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Rethinking financial advice with a wealth of data

Fuze wants to make it easier to give more timely and informed advice

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Today’s startup solves a pain point I’m facing right now.

Scroll down to find out how Fuze wants to make life easier for financial advisers and their clients alike.

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Fuze wants to rethink financial advice with a wealth of data

Last week, my financial advisers asked me for a bunch of bank statements and other documents to help them find me a new mortgage deal. 

It’s not a hard job for me to send them, but it’s a time-consuming pain to get everything together. It struck me: why can’t he easily access this stuff at the click of a button? In the future, because of a new startup called Fuze, he might be able to.

Fuze is building a SaaS platform aimed at financial advisers and wealth managers. Clients can connect all their financial accounts, including less obvious things like crypto wallets in addition to bank accounts and savings products. 

This provides a dashboard that helps advisers give better advice, with a full picture of each client’s financial situation that updates over time, instead of the static view they get today.

Right now, financial advisers might work off what the client tells them, or have to pore through bank statements and other data manually, or at least upload it to some software in a fragmented fashion.

If Fuze’s solution to this problem sounds like a simple idea, it’s intentionally so. 

“We've spent a lot of time on this, and tried to make it as simple as possible,” says Fuze co-founder Alex Simpson. “There's quite a bit of software in this industry that can take a while with onboarding for firms, which in this day and age is quite frustrating.”

Simpson says advisory firms can be onboarded within hours. The software is white-labelled for them, with company branding and all of their advisers set up as users. Once each adviser has logged in, they can add each of their clients. Clients then connect up all their accounts via built-in integrations.

“It will take someone around 15 or 20 minutes to add everything that they have; both traditional and non-traditional financial accounts plus, if they have collectibles, they can manually type those in. We then pull all that data through and display it in charts and tables, and we run analysis on it,” says Simpson.

The story so far

Simpson doesn’t have the most traditional path to becoming a tech founder - he previously juggled education with playing for professional cricket clubs.

Now he’s teamed up with his software developer father Paul to co-found Fuze.

“[Paul] has been a software developer for about 35 years, and ran a software business prior to this. I worked with him on and off while I was at uni… I helped him design and build a new version of the software that his company ran and operated.”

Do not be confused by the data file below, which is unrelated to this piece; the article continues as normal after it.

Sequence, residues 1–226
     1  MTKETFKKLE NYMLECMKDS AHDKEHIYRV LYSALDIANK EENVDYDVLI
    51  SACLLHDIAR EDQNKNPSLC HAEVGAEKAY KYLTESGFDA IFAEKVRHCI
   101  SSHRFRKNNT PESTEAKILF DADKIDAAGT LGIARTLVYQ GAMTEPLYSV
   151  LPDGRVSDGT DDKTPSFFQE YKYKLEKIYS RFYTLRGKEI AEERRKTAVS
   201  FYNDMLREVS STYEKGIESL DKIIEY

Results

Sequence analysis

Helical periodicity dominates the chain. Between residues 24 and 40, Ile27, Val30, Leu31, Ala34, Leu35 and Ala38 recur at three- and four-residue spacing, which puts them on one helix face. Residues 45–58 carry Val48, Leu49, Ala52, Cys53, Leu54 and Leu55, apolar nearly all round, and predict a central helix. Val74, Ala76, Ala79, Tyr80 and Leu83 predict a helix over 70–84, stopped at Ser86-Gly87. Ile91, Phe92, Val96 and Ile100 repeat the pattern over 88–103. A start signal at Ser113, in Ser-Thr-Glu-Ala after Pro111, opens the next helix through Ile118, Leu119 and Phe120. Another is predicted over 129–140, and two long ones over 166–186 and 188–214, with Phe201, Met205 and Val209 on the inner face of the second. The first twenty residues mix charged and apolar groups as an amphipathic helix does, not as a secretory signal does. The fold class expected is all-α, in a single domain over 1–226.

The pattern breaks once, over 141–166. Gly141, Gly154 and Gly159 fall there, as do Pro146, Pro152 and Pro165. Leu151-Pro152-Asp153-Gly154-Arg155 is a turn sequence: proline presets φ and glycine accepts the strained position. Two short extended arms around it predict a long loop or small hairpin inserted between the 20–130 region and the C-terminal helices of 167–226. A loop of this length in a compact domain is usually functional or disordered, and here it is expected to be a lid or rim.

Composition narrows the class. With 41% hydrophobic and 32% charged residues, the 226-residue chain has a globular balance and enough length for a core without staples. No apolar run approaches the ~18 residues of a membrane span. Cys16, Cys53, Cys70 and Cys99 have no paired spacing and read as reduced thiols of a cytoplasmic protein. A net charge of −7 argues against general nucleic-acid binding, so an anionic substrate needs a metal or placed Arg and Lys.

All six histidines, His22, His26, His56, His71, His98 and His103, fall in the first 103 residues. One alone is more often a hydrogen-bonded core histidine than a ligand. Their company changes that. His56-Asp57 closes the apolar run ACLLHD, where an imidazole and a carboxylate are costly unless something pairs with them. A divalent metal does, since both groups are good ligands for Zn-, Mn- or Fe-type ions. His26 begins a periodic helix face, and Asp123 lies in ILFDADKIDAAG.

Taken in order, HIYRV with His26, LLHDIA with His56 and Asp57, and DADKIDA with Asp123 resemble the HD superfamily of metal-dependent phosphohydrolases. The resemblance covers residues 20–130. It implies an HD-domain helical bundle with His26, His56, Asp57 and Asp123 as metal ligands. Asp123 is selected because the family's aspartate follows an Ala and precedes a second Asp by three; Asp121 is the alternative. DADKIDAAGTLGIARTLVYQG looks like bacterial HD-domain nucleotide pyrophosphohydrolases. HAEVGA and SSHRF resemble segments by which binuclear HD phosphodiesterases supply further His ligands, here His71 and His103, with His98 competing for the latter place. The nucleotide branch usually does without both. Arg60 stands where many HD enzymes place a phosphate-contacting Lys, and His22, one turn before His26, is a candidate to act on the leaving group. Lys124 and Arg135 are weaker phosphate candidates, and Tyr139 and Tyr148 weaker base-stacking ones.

The idea to build Fuze came when Simpson junior signed up with a financial advisor and found himself in a similar situation to the one I have right now - having to manually collect all his data and statements together to create a static view of his finances.

“We ended up speaking to about 30 advisors, and it turned out they all did it in mostly the same way… We worked with a group of advisers to help design this, figure out what it is they need, what they want to see, what data they need access to, and then also we spoke to a lot of people who would be on the potential client side, to find out if they’d be happy to use it and if it would be of benefit.”

What’s next

Simpson says Fuze is a few weeks away from onboarding its first users, which he says will range from solo financial advisers to firms with up to around 20 advisers. The aim is to go live officially later in the year.

Beyond that, they’re working to integrate with more financial accounts and products, and planning a feature that can import data from PDFs and spreadsheets. 

They’re also working on integrations with software that financial advisers would like to send that data to. 

“We will be building integrations so we will pass data daily to their back office systems and their CRM system–so they're up to date, getting rid of the manual data entry–but also to things like cashflow planning tools,” says Simpson.

“At the moment, if an advisor uses Voyant, for example, they've got to find the client information, they type it into Voyant and then they can produce charts and reports off the back of that. Whereas we're going to build an integration with a couple of cashflow planning tools to just pass the data through. 

“Data and integrations are the initial priority. And then there are lots of things that we want to build after that.”

Go deeper on Fuze

Dig into much more on their funding, investment plans, vision, competition, and challenges:


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